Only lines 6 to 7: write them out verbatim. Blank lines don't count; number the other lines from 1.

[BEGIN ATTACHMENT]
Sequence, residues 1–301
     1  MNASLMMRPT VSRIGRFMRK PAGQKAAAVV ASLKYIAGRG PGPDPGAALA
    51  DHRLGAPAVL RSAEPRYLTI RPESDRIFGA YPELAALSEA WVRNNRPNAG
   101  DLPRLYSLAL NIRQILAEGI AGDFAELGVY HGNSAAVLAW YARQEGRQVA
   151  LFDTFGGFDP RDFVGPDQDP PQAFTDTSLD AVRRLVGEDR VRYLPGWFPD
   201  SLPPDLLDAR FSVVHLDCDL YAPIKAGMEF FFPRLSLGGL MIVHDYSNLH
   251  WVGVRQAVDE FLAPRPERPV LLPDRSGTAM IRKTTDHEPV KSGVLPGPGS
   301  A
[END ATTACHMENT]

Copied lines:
   201  SLPPDLLDAR FSVVHLDCDL YAPIKAGMEF FFPRLSLGGL MIVHDYSNLH
   251  WVGVRQAVDE FLAPRPERPV LLPDRSGTAM IRKTTDHEPV KSGVLPGPGS